When I found out this month's theme - what's the backstory behind your author photo - I couldn't imagine what I'd write about. And then I remembered what happened when I had a new picture taken for my YA books. And I thought, "Oh, yeah!"
This is my current author photo, on the left, which is on all of my YA books.
This photo on the right is the author picture that was on my adult books.
My hair was longer in my YA photo because my books were published a few years after my first adult book, but that's not the only difference if you look closely.
A few years ago, my agent wrote about how I use Jenny instead of Jennifer for my YA books, and talked about my "new" YA author photo on her blog.
Here's what she said: "Jennifer, being the savvy author that she is, decided to do a photo op that had a younger feel. She even decided to remove her wedding rings for the photo since being “married” might feel too stodgy and established for her younger readers..."
Well, the responses that got from her blog readers - totally unbelievable!! (you can read them here if you have a strong stomach) A maelstrom of comments ensued, calling me a liar for not wearing my wedding rings, a sell-out for disguising my married status, a soulless being who put marketing above honoring my marriage. You name it. Then you had the people defending my choice, saying, in essence, who cares?
I was stunned. Really, who gives a rat's ass what an author chooses to do with their author photo? If author photos sold books, you can bet more authors would be investing in high-priced photographers who could make them look like supermodels. The fact is, in the author photo for my adult books I wore the same jewelry I wear every day (I have fallen hook, line and sinker for those DeBeers commercials that say a diamond is forever, it's all I wear). And when I considered my author photo for my YA books, I looked at my existing author photo and thought: No. No. No. It did not say "this person knows what it's like to be 17 years old." It said, "This person knows her carats."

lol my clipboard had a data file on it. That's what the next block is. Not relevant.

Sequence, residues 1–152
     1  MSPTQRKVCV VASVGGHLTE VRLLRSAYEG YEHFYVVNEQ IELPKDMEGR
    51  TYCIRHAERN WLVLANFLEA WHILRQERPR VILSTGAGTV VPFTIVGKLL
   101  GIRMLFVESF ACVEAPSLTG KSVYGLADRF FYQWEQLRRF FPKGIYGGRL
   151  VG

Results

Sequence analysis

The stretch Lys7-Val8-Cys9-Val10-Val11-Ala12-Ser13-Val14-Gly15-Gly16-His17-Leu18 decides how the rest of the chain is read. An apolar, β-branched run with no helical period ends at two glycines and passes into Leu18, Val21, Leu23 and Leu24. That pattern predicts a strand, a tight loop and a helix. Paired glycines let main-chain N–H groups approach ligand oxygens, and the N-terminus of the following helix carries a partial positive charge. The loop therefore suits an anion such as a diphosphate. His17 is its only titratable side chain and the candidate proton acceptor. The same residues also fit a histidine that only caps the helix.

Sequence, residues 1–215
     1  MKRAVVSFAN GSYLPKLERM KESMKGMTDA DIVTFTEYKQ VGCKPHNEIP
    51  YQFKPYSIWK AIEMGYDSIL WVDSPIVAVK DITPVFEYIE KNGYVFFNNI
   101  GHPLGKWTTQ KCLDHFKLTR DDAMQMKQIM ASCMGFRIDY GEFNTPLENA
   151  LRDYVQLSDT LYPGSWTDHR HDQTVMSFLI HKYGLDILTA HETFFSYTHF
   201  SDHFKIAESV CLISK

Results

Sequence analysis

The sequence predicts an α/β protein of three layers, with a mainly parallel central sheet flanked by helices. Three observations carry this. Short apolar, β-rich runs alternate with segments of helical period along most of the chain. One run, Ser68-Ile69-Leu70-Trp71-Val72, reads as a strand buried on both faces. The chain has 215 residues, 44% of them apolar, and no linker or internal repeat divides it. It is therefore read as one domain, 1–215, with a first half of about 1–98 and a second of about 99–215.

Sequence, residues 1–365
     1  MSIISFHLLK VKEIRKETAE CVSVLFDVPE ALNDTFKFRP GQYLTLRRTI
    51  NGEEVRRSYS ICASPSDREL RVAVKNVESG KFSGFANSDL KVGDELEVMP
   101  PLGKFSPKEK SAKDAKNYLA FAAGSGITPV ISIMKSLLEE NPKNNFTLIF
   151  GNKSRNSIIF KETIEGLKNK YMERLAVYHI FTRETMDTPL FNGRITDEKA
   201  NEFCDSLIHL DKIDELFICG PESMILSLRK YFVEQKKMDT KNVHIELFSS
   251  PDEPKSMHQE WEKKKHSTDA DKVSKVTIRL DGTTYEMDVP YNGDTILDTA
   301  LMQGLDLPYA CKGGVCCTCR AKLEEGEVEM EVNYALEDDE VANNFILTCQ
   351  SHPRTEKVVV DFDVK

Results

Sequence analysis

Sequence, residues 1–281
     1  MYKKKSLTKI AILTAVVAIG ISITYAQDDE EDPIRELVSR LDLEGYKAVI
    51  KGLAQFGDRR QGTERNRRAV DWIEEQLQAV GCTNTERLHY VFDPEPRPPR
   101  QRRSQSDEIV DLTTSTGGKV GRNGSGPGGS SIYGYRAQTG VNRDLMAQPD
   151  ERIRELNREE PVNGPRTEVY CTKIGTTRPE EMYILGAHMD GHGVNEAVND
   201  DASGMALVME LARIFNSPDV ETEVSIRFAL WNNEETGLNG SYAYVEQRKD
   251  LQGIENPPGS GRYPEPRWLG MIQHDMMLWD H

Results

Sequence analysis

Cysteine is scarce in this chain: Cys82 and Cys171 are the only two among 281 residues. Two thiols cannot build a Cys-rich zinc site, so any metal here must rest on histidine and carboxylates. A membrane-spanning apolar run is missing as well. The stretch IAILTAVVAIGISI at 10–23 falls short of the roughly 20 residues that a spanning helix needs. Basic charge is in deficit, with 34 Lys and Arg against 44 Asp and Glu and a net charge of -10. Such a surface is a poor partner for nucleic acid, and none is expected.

So I had a new photo taken, by the same photographer. And I wore what I'd wear in every day life - cargo pants and a tank. But I did NOT wear my jewelry. Not because I was trying to hide the fact that I was in my late 30s and married with kids, but because I didn't want the distraction of having readers look at my picture and wonder if I could actually relate to them. As a first-time YA author who had 5 adult books already out there, that was a real concern of mine. I wanted readers to not see me as an "author" but rather someone they could actually talk to, someone who would actually listen to them, and someone who could laugh at herself. I wanted my new photograph to make me feel accessible, and one way to do that, I thought, was to remove the extraneous decoration.
I read all of the comments and was speechless. I thought two things: 1) Really, people? You are reading way too much into this; and 2) You people need to find a real interest in life if you have this much time to be talking about someone else's author photograph. It wouldn't take a genius to go to my website and learn I'm married and have kids. In fact, my first book was dedicated to my daughter, my second to my son. This wasn't about hiding my marital status. It was about trying to let the focus be on the books, not on me or my life.
But at the end of the day I didn't really care what anyone thought. I know why my fingers are bare in that photograph. My husband loved my "new" photo so much he kept it on his desk, and the lack of bling on my finger didn't bother him at all. The funniest thing about all of this? On the actual book jacket my publisher cropped the photograph so you can't even see my hands. All this fuss over nothing!